Monday, April 21, 2014

Tips for Millennials on Working with Older Colleagues

Like anything in life, a pleasant working environment is a two-way street.  This applies in the booth, more than ever. Given the age disparity in many interpreting booths, our team felt that both older and younger colleagues deserve tailored advice to ensure smooth collaboration at any event.

For young, freshly minted interpreters:

DO prepare, just like your EMCI teachers told you to do. It makes a difference. Also be there early and check the documents for the next point of the agenda. It makes a huge difference.

DO be open to criticism and tips from your older colleague. Unlike in other professions, interpreters often start out working their first assignments alongside seasoned pros. Take advantage.

DO let your colleague know how much you value their experience and insights. Remember, in ancestral cultures, older adults were revered.  

DO indulge boomers in their denial of old age. When you hear comments about how you weren’t even born when they sipped on Daiquiris during that conference in pre-Castro Havana, nod, smile, and giggle. Teeheehee.

When colleagues complain about not travelling business class to Luanda DO act sympathetic. Personne n’aime la classe prolo !

DO coo over photos of your colleagues’ grandchildren, even if you think children are the most revolting thing around.

DO invest in a small, yet classic wardrobe. H&M can only get you so far, and the Commission is no place to demonstrate that le look très Brooklyn has arrived in Europe.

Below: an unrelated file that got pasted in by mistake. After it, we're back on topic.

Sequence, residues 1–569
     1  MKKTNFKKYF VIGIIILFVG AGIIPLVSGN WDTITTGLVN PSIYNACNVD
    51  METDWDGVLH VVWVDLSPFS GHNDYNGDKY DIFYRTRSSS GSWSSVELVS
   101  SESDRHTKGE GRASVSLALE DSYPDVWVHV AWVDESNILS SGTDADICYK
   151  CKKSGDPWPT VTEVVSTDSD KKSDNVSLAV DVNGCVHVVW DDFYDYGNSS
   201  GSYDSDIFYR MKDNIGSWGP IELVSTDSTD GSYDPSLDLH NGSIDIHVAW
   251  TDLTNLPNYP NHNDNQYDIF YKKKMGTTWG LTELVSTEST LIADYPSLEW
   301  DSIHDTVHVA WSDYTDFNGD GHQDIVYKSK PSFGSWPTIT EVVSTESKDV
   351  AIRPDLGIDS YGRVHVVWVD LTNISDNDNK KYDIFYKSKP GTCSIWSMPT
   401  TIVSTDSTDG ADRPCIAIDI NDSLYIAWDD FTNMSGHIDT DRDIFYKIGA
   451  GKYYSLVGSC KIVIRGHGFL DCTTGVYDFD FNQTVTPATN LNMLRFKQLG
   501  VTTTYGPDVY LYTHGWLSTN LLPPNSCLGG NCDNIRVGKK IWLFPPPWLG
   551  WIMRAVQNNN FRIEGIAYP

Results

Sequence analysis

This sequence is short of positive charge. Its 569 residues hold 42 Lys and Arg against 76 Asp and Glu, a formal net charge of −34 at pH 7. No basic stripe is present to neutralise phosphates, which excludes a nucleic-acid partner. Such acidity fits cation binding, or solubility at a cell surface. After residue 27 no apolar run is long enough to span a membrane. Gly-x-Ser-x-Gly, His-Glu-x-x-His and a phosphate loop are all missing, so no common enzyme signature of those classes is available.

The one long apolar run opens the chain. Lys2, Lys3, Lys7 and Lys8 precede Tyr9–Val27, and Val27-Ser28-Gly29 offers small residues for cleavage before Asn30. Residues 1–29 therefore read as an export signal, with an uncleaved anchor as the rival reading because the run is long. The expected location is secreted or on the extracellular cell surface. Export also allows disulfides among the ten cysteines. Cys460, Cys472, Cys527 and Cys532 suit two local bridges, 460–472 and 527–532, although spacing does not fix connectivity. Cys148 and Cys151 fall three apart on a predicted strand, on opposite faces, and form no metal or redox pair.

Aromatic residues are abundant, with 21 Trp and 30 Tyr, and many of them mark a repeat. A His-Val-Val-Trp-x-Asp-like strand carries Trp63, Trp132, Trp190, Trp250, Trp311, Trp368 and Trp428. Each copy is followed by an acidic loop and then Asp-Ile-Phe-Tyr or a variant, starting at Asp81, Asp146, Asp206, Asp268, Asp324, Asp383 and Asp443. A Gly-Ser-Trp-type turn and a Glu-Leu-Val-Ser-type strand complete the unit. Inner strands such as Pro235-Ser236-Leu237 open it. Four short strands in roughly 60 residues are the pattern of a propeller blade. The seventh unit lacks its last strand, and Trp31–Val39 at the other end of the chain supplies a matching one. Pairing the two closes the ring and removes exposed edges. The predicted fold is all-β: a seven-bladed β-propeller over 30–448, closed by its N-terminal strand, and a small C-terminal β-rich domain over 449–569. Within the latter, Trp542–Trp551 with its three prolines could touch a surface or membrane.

DO dress conservatively for work. As Beyonce would say, the European Parliament is indeed NOT ready for this jelly.

DON’T show up hung over. Just don’t. Not even if it makes you interpret better.

DON’T over do it on the make-up or dress too provocatively. You are going to work, not to da club.

DON’T have full GChat/iPhone chat/Facebook chat/Snapchat/What’sApp sessions on your smartphone while working. It perpetuates negative stereotypes, and you can’t follow what is happening. Also, avoid Candy Crush Saga.

Your colleague may not know how to operate his iPad. DO be patient and explain how, in simple terms. In fact, if it’s necessary, go ahead and spend an entire afternoon syncing his Gmail account instead of reading your briefing for the meeting.

DON’T go crazy with fried food and dessert at lunch. It only inspires envy and comments about how your metabolism won’t stay like that.

Your colleagues will moan from time to time about how old or fat they have become. DON’T engage. Just like when your girlfriend asks if those pants make her look fat. That is why there is a right to remain silent.

DON’T feel depressed or like you are doing something wrong when your colleagues purchase diamonds on their lunch break, or talk about their multiple summer homes and family ranches. They had the advantage of affordable [or free] education and became interpreters during a sellers’ market. Instead of becoming envious, ruminate on strategies for getting rid of all that student and credit card debt.

DON’T let anyone know that you live in a 10m2 chambre de bonne with a shared toilet.

DON’T complain about your parents and describe them as “old.”  It will not be appreciated.

DON’T laugh at the Cold War. That was real, and it also generated a lot of work.

DON’T take this guide seriously. Everyone knows millennials are too narcissistic to be capable of self-criticism! #LoLz #RealTalk

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